This increased pixel density would be great for wearable glasses type displays.
3 / 5 (2) Jun 06, 2012
to give scale to the image above the text -- since the 3mm is a very clear gauge for distance than the text takes up 1/2 an inch -- or less than 14 mm

this is very small -- about 5.5 in font size for Calibri if you have MS office

So i have to agree -- you would probably not be able to tell a difference if you read the english alphabet -- its really really small -- however do to the iconic nature of the Japanese characters, it probably helps a lot.
not rated yet Jun 06, 2012
I would certainly pay more for 651 than 326 if it was ubiquitous because app designers would soon include detail intended for local magnification; make a great new use for those old slide film magnifiers.

And for the same reason I'd pay more even if it were over 1000 or even 1500 - again, as long as it is adopted by phone manufacturers.
1 / 5 (1) Jun 07, 2012
Please scale this tech up to 30". Even 300 dpi would be enough.
1 / 5 (1) Jun 07, 2012
You can of course turn the calculation into a magic number: 87.3 DPI-m which means that when you divide by meters, you get DPI.

It varies from person to person. I estimate I can see roughly 100 DPI-m because my monitor is very close to exactly 100 DPI and with a measuring tape I found I could no longer see any jagged edges on a diagonal line at 100 cm, give or take 2. That means, for me, a display that is 300mm away would need a resolution of at least 333 DPI.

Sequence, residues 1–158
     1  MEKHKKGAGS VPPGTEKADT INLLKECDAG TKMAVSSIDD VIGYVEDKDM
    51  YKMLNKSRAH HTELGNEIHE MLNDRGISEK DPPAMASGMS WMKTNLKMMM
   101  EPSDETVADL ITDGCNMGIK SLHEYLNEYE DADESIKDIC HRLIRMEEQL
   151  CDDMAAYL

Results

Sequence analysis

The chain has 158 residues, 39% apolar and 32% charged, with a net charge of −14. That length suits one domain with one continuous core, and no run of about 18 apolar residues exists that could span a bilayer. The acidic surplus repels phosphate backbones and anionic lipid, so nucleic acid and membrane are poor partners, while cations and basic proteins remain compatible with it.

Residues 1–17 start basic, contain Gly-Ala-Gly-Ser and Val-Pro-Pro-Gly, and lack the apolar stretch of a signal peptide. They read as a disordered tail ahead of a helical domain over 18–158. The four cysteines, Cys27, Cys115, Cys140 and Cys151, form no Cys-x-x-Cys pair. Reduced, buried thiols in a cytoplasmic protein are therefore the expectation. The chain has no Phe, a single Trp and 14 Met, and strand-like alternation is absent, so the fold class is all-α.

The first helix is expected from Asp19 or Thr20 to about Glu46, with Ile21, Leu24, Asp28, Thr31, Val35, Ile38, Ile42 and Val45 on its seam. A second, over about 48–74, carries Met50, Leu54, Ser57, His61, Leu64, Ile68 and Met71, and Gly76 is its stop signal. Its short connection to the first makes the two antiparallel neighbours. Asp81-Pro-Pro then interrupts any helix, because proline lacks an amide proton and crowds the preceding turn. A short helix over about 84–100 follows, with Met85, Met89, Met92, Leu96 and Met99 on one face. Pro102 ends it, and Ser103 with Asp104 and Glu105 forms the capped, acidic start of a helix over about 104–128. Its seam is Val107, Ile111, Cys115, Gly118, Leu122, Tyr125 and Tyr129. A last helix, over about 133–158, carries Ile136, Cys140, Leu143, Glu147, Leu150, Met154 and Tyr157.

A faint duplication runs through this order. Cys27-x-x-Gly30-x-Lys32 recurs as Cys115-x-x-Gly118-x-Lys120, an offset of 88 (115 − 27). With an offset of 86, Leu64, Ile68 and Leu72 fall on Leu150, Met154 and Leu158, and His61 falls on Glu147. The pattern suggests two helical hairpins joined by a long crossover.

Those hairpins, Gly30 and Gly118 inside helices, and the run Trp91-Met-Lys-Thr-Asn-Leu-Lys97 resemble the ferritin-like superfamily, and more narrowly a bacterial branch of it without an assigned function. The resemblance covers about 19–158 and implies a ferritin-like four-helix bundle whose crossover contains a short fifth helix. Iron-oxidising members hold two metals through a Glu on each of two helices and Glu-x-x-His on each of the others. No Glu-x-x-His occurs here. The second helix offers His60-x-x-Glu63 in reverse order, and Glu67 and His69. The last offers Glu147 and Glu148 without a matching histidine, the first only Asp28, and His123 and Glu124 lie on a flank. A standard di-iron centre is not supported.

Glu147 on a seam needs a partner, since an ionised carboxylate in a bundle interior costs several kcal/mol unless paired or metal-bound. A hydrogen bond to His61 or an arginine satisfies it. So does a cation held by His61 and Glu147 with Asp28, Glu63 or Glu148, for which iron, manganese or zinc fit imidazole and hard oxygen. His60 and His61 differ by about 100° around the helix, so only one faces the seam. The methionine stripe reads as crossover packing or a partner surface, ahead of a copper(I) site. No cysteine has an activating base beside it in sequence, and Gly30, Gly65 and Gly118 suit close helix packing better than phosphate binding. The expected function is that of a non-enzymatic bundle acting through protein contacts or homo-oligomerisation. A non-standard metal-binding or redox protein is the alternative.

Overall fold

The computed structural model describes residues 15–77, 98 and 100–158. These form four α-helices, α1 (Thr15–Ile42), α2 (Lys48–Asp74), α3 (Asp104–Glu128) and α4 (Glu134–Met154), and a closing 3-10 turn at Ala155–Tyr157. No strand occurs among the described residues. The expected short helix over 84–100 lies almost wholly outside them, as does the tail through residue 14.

Though that was with my right eye alone. With two eyes, it seems I can go couple centimeters further, but not much.
5 / 5 (1) Jun 07, 2012
87.3 DPI-m could be theoretically right for our direct angular resolving power. However, color and pattern superposition, aliasing and multiple other effects still drove printer producers to 600-1500dpi, that is, for reflective paper. One could conjecture a similar >600 dpi sweetspot for future e-ink displays. However, for direct displays (TFT, OLED etc) we're limited by energy constraints, including the GPUs able to handle multiple Mpix on a phone battery.
1 / 5 (1) Jun 07, 2012
I got a 1 for an approximation that is correct ??
3 / 5 (2) Jun 07, 2012
However, color and pattern superposition, aliasing and multiple other effects still drove printer producers to 600-1500dpi

There's a difference in what a "dot" means from a printer. Put simply, the printer can only change the distribution of the dots it prints. The LCD has fixed distribution of dots, but it can vary their intensity. For a greyscale image, the pixel is the smallest dot it can draw, and the largest it has to draw to give you all the different intensity levels.

A simple printer that only prints dots of one size has to form different intensity levels by dithering. To get 256 levels from white to black, it needs a raster of 16x16 small dots, which means that for a printer capable of laying 2400 dots per inch, the resulting grayscale picture is only as sharp as 150 DPI on a comparable LCD.

In reality, printers can print dots of varying sizes, but you still need much more DPI out of a printer than from a screen.